Thursday, April 12, 2012

the war on multitasking.

i have begun waging a war against the concept of multitasking this week.  i also think i’ve been losing said war – but i’m working hard in the trenches.

this great war of mine really began when i read this article by valerie katz which referenced this article by tony schwartz, both of whom explained that: 

“multitasking is the reason that 25-50% of the work force is burned out... multitasking splits one’s attention such that one never completely focuses on one task, and spends a longer time to complete various tasks.  worse yet, multitasking relentlessly burn[s] down your available reservoir of energy over the course of every day, so you have less available with every passing hour.”

{me, at the end of a work week}

i’ve heard similar ideas before, and i absolutely believe them.  you lose so much time just in bringing your mind back and forth between tasks.  but just because i know what’s better for me doesn’t mean i can execute it easily (just ask any smoker or french-fries-eater!).  i even lost the battle while writing this blog post: i intermittently answered a text, wrote an email to my sister’s bridesmaids, ate dinner and watched survivor with c (sidenote: yes, i still watch survivor.  c’s influence.  but all these years later, it’s still such a good show!).  during my morning “getting ready” routine?  i sometimes find myself blow-drying my hair in the kitchen, putting water on for tea, emptying the dishwasher one-handed, leaving a blog comment and skimming my google reader, virtually simultaneously.  i have begun burning myself out before i even leave the house.  

i know i’m never going to be a perfect single-tasker, but when a task requires a lot of energy and attention to get it done and do it well, i’m going to work hard to shut out the unnecessary and focus for as long as i can.  i’m going to remind myself of tony schwartz’s tips, and i’m going to try to implement them.  this goes for work and while at home.  be honest – how many tabs do you have open on your home computer’s browser right now?  i have 7, and that’s probably below average.  c is constantly making fun of my never-ending tabs, with good reason.              

i so agree with “do the most important thing first thing in the morning” and “stop demanding instant responsiveness,” the latter of which we may not be able to personally change based on our bosses’/clients’/customers’ expectations, but how many times have you answered a personal email immediately just because it was there waiting for you, when you could have delayed the response until you finished what you were working on when it came in?  i do that on a daily basis.  i open my gmail at least 30 times a day while i’m at work, and it’s up all night on my personal computer at home.  and while i put a lot of effort into responding quickly to emails, it often leaves me exhausted.  like last week’s post, there must be balance here.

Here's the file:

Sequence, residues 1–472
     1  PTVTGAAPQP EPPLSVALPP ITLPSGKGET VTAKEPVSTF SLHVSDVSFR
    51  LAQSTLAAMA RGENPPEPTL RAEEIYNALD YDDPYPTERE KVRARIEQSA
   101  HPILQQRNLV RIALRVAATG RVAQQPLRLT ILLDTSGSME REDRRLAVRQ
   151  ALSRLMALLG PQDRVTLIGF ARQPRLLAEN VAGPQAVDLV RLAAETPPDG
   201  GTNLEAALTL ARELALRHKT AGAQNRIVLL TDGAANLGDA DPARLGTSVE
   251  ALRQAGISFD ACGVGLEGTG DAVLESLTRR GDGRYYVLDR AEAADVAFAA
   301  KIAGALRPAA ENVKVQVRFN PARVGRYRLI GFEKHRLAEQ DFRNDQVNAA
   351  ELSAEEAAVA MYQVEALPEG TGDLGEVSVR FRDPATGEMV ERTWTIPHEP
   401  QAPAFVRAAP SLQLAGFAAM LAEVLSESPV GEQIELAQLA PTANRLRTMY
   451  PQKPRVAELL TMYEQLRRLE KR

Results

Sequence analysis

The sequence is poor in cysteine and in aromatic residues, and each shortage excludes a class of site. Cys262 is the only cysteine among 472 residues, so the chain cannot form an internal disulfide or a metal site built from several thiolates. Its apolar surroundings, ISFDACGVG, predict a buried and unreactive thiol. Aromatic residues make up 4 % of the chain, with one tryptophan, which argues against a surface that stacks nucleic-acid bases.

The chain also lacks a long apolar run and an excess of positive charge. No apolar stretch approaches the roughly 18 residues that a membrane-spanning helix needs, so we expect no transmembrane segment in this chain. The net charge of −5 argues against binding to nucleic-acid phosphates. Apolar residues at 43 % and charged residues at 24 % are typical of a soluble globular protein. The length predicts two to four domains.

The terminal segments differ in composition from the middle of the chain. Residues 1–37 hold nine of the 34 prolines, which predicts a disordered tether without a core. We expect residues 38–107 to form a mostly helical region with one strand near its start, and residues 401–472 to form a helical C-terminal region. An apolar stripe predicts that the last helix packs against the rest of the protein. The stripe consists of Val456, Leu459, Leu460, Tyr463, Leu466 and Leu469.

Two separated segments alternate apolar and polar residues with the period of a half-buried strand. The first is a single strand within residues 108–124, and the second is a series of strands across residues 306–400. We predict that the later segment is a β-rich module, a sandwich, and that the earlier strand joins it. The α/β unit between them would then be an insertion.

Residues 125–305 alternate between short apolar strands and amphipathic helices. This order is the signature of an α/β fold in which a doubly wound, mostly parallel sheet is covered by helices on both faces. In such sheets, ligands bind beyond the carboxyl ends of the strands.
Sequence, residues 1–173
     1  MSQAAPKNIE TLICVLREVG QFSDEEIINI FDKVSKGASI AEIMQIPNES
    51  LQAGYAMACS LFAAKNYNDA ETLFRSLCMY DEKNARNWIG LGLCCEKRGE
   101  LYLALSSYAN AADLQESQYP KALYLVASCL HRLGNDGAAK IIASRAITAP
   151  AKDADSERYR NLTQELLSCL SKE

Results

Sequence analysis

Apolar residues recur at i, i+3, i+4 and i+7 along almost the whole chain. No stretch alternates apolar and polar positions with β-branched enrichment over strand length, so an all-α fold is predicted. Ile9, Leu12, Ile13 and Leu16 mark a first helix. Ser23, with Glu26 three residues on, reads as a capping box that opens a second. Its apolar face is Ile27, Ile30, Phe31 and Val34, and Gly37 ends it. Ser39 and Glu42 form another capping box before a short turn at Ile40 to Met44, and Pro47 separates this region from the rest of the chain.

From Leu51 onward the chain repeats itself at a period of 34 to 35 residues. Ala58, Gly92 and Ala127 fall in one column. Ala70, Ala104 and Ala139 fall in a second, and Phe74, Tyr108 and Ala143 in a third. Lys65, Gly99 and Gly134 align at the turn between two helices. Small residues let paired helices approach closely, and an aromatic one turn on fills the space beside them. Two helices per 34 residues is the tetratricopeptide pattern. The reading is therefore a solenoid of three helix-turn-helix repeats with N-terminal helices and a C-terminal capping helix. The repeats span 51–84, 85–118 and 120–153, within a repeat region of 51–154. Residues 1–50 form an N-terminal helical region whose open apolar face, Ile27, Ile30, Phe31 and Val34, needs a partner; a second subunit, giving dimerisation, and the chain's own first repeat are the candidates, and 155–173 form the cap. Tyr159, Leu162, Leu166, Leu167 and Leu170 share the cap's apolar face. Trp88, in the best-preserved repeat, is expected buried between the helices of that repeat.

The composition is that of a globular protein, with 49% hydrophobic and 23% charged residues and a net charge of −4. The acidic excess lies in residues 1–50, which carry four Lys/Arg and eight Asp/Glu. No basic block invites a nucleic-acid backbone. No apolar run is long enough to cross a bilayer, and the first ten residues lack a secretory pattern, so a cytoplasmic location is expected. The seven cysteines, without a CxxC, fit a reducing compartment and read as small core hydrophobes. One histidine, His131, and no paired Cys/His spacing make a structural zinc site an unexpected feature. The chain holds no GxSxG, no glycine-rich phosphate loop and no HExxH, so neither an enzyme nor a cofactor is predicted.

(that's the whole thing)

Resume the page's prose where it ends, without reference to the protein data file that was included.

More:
i have always prided myself on my multitasking skills, but being “good” at multitasking means that i’m being less efficient and leaving myself depleted.  you may be horrified by my personal statistics, or you may be saying to yourself, “an average of 7 tabs?  psssh, that’s nothing.”  either way, it’s worth taking a minute out of all the multitasking to think about our patterns of behavior – and how to make it better for ourselves.  i admit it, i have gone and burned myself out.  and with no magical head-clearing vacation in the near future, i need to make some changes. 
have any other suggestions on how to break the exhausting multitasking cycle?  help us all out!    

xo. di. 

*image 1,2,3,4,5


  1. So, so true... your examples are perfect. We are all trying to be "efficient" and just making ourselves frazzled and tired in the process. I'll have to check out these tips!

  2. Completely on the same page. It is insane how I absolutely could not JUST watch tv anymore-- just not enough! I must be texting, reading through several different blogs in my google reader, and doing some online shopping at the same time. I also find myself doing this while I am cooking... oh, just throw that in the pot and then whip out the vacuum for a quick cleanup of the living room. Needless to say, the culinary results suffer and my house is nowhere near as clean as if I would just take one thing at a time.

  3. i just read this article yesterday and it rang so true for me. it's so hard to break this habit though because we're primed for it. i also have a very short attention span, which doesn't help. ha.

  4. I completely agree with you on your thoughts of multitasking... Focusing your energy on singles tasks is such a better way to spend your time progressively! Of course we will all multitask as it is such a normal way of living, but trying to devote just a little time to something singly really is a great idea!

  5. Maybe if you 'make' yourself leave only one tab open at a time it will force you to concentrate on only one thing at a least try it when you're trying to finish something! I'm still trying to uni-task (don't think that's a word!) when I'm retired!! I want to learn to appreciate one thing at a time! Good post, D!

  6. Great post, so true! Just thinking of my work day I am constantly jumping back and forth, back and forth between tasks, that can't be very efficient. Kind of feels like that's how we're expected to work though, which is so annoying! Anyway, good food for thought.

  7. melissa - ah thanks, i'm glad it resonated with you

    sarge in charge - ahah love your example. i am forever ruining my cooking because i'm trying to do something else at the same time.

    ashley - exactly, same issues!

    lindsey - exactly!

    diane - haha thanks! and i've been working on the one tab at a time since i first posted this!


thanks so much for the note! i love reading your comments. xo. di.

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